Granted, I know (not from personal experience) that marriage will not look like, feel like, or sound like that on a daily basis. And that’s fine. That’s life. It leaves room for grace, forgiveness, patience, and a slew of other fruits of the Holy Spirit that resonate with us to draw us closer to the Father, and to your spouse. Right?

I mean, am I taking crazy pills?  Is there something that I am missing? I understand that you are pairing two fallen, sinful, deprave human beings together and asking them to be productive and fruitful, and that in and of itself presents a number of hiccups or speed bumps. But does it make impossible? Does it make it miserable? Does it make it not worth it?

I pray that, if you are married, you don’t hesitate to answer those questions. I hope that the answer is a quick “no.”

Here’s the thing– for us singles, we need to hear, see, and be encouraged to know that it is possible. It is worth it.  It is beautiful and lovely and blessed. Married men and women need to advocate for their marriages as well as the marriages of future generations.  Despite what you may think, we listen closely and carefully.  We are more attentive that we look, but we are paying attention to what you say about your marriage and how you say it.  And from you, we render our opinions on whether or not we can do it too.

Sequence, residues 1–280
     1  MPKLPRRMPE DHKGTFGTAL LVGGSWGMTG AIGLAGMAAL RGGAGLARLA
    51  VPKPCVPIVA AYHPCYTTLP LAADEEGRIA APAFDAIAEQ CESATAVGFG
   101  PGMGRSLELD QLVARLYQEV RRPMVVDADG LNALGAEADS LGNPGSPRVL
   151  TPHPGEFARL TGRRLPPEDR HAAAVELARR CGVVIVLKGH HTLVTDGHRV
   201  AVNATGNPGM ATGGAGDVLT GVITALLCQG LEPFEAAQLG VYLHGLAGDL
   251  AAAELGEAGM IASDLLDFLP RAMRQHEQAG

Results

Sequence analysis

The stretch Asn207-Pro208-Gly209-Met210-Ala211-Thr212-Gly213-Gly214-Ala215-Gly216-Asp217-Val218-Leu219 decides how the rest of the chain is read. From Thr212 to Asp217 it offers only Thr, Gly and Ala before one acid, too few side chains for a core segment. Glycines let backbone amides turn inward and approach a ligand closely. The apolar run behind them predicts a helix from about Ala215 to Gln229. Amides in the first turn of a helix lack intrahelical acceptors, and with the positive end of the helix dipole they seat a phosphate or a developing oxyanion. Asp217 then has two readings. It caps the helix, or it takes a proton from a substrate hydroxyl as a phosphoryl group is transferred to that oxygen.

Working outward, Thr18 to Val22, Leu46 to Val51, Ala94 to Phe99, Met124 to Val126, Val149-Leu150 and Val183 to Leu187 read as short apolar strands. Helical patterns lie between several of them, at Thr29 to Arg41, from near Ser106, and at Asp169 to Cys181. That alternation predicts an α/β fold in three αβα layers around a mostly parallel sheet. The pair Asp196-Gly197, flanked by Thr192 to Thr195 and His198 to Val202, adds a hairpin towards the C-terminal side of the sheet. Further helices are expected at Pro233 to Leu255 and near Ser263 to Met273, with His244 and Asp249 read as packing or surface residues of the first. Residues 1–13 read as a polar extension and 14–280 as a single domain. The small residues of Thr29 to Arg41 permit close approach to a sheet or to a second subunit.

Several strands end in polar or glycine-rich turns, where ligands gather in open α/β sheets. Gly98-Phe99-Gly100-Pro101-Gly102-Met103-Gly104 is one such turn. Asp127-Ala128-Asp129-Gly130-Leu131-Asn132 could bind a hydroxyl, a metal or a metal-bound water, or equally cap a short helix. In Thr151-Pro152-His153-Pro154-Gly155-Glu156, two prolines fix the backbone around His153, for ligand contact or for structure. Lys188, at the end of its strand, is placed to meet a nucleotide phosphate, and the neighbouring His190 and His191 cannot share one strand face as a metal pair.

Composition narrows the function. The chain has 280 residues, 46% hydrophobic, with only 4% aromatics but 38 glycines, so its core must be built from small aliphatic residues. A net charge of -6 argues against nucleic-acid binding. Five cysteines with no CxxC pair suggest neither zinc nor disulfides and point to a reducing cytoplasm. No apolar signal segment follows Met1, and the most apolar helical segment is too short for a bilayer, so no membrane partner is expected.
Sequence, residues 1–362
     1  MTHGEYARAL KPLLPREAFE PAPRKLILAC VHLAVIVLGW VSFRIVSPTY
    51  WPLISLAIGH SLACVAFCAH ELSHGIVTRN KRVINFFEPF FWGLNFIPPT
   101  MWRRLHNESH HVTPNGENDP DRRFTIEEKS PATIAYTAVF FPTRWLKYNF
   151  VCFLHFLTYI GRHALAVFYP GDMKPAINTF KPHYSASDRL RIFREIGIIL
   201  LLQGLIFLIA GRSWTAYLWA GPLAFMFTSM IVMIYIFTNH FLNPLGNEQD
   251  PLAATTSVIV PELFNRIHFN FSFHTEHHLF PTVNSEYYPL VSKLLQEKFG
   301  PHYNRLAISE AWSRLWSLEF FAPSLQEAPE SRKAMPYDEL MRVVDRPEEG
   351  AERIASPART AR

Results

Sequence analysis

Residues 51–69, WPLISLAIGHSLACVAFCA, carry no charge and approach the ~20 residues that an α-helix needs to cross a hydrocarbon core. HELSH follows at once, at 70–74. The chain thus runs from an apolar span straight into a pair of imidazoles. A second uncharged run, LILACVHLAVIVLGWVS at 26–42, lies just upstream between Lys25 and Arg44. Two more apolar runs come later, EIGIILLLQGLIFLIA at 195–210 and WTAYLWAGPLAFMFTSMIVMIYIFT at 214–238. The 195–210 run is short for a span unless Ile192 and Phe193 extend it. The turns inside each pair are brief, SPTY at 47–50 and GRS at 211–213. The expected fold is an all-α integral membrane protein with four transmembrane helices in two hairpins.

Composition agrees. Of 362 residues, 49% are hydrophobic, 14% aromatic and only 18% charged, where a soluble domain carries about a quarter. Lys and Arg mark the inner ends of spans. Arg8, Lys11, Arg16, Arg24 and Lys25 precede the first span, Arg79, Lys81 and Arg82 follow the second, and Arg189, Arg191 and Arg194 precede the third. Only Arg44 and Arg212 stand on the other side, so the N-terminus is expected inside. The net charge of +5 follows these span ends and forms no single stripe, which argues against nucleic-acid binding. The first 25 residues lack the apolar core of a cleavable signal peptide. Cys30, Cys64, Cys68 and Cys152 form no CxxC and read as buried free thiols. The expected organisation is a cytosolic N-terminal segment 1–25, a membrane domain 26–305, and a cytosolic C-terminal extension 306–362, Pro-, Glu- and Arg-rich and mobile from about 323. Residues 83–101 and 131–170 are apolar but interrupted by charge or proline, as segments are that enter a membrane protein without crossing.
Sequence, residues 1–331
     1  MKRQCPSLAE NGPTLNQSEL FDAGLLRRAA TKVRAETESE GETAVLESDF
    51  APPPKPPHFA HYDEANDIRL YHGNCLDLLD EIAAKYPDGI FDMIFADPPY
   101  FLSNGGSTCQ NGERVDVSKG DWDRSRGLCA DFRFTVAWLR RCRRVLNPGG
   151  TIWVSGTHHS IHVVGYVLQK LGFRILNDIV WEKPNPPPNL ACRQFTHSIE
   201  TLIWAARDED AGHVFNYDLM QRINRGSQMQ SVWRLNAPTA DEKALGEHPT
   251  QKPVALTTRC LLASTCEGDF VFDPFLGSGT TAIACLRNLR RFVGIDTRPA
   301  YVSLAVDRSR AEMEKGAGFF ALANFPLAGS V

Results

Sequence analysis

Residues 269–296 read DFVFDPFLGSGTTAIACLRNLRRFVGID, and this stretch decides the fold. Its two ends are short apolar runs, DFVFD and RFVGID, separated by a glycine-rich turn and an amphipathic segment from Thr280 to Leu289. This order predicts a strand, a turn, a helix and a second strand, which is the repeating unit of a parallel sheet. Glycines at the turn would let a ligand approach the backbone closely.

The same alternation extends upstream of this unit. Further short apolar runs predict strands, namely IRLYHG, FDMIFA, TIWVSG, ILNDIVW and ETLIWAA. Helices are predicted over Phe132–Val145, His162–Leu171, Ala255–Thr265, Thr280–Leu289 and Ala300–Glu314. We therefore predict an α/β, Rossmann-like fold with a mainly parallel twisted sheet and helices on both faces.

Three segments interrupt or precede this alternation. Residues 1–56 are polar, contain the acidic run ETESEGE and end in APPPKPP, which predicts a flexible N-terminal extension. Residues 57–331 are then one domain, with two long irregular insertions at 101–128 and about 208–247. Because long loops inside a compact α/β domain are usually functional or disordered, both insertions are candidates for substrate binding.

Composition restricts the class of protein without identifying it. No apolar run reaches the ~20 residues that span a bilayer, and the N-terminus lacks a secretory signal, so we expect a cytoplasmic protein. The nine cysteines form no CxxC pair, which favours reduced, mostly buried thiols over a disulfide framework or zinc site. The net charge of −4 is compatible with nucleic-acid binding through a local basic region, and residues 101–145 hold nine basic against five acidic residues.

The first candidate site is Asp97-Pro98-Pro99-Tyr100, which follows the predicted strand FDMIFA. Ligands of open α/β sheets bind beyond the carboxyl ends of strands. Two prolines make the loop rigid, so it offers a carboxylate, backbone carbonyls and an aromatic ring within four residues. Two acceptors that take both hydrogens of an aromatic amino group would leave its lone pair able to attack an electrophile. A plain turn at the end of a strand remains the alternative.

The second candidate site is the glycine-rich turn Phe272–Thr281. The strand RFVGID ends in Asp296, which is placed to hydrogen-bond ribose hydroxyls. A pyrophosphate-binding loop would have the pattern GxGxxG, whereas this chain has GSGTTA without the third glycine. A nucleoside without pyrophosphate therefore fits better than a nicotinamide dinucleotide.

So if you are married– be grateful that you are and let us share in that joy with you.

If you are a single woman– you are not alone.

If you are single man– my number is … haha, kidding.

Well Done, Mere. Well Done.

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I have never been technically inclined. That is to say– I can’t fix anything that needs nails, screwdrivers, or, most especially, wires or cables of any kind.  And not only can I not fix things, but I have no desire to learn.  It’s not because I’m lazy or stupid either.  It’s because I want to call a repairman.

Today, this theory came back to bite me.

Our cable has been acting up quite a bit lately.  I tapped on the TV, loosened and re-tightened cables, unplugged and plugged back in random wires, and then sat a stared at a blue screen with the flashing text that read “No Signal.”

After consulting with my roommate, we concluded that calling in a professional was necessary.  I volunteered to be home when he came too.  Here’s what I was expecting…

However, the gentleman that knocked on my door did not look like this. He looked more like a retired WWF figher… Bummer

“C’mon in,” I said and led him to the TV.   I felt a little awkward because I didn’t know what to do, where to stand, or what to say.  I couldn’t explain what I thought had happened… I had no idea.

So I decided to unload the dishwasher.  And because I have seen too many episodes of “Forensic Files” I kept knives close by… you know, just in case.  By the time I had placed the last coffee cup in the cupboard, he finally spoke.

“It was on the wrong channel, ma’am. There’s nothing wrong it.”

Good thing these services are free of charge.